RTN – is a routing number. It is a nine-digit code that uniquely identifies your bank (as a random example, let’s take the number 101114918 – it belongs to a branch of Community First National Bank of America in Manhattan, Kansas). It appears at the bottom of the check. Usually, it is listed near the account number. You can locate your routing number by looking for the MICR symbol at the end of the account number. It resembles a square on the left and a vertical line on the right. You’ll find the routing number between these two squares. Because these numbers are not private, they are public information. Most banks post their routing numbers online.
The bottom left corner of a check contains the routing number, or ABA routing transit number, of your bank account. RTN is the first set of numbers.
Shall I show you an example?
Below is an example of a check with an explanation of which set of numbers means what.
In the example, we see a check written by John Walker for $145 for cleaning services. At the bottom of the check from left to right are important sets of numbers:
- 123456789 – ABA RTN number
- 000123456789 – account number
- 0001 – check number
Where do I find the routing number if I don’t have a bank check?
If you don’t have a check, you can find it online. Checks usually have these numbers on the bottom left, as is your account number. You can also find the routing number online, but make sure you use the website of your financial institution to get the correct number. Otherwise, you may find that other websites collect the routing numbers of several financial institutions. Ideally, you should get your routing number directly from the financial institution that issued your checking account.
You can also find out the aba routing number of your financial institution at https://rtn.one (lookup with no limit searches). If you search backward (by 9 digit code) you will find the branch contact information, which you can use to contact the bank to clarify the data.
When Do I Need My RTN?
This is not private information but is vital to many types of banking transactions. The routing number is printed on deposit slips and personal checks and is usually the bottom-left set of numbers surrounded by identical symbols. You won’t find this information on prepaid cards, debit cards, or ATMs, but you can find it on your bank’s website. You may find it displayed on your user account page. However, it is more common for banks to publish this information in obscure places.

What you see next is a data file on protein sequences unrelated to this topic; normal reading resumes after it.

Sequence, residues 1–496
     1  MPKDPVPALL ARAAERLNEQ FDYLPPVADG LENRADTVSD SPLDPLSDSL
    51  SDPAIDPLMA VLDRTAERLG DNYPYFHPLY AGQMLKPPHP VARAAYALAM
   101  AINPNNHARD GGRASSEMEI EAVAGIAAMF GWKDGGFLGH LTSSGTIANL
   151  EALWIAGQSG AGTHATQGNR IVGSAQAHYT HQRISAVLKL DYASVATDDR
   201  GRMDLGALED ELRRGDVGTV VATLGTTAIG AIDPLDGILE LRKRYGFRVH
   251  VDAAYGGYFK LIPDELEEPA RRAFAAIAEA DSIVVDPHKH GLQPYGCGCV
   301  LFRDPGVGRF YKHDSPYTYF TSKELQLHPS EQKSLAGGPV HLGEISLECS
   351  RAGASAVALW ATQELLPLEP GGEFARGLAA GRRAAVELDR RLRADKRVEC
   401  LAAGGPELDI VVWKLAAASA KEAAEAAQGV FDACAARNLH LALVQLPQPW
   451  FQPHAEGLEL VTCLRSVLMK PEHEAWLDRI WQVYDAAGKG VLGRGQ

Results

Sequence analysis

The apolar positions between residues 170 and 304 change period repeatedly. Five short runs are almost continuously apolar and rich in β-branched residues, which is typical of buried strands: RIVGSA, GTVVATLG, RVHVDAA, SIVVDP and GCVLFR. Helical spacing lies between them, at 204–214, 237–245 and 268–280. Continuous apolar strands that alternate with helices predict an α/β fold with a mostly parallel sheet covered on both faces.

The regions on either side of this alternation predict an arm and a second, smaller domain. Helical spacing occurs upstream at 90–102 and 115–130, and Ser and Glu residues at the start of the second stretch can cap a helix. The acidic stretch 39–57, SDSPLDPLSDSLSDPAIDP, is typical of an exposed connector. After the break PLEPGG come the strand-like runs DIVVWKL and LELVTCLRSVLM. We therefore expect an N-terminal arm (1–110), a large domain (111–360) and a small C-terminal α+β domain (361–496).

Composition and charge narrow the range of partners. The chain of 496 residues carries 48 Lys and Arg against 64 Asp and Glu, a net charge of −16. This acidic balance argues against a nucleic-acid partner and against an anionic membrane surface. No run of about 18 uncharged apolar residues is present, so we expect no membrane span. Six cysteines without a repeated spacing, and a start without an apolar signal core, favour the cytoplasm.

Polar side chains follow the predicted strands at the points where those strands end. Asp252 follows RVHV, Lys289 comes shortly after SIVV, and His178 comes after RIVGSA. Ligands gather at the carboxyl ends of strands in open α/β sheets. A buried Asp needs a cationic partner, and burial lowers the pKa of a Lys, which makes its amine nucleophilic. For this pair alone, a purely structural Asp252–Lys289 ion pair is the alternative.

You need your routing number for a variety of banking transactions, including direct deposit, bill payment, and automatic loan payments. You can also use your routing number to transfer money between accounts using ACH technology, which is a type of internet banking.
And Now the Frequently Asked Questions:
What’s the difference between ABA and ACH?
ABA and ACH routing numbers are similar, but not identical. While ABA numbers are used for one-time payments, ACH are used for recurring payments. The purpose of these numbers is the same – to make payments and receive them. For more information, visit the bank’s website.
How many routing numbers are there in American banks?
According to the World Encyclopedia, there are about twenty-seven thousand ABA RTN`s in the United States.
Can two different banks have the same number?
The answer is no. Two banks cannot have the same routing numbers, but large banking institutions can have more than one. For example, First National Bank of Pennsylvania and The Freedom Bank of Virginia cannot have the same number.
What numbers are responsible for the ABA Institution Identifier?
The fifth, sixth, seventh and eighth digits of the number are the ABA Institution Identifier.
Is it safe to tell strangers your bank’s routing number?
Of course. The RTN is not confidential information. Banks publish them freely available on their websites, and there are also many websites with lookups.
To make it clearer, here’s an example. It’s like being afraid to give your home address for fear that your house will be burglarized later.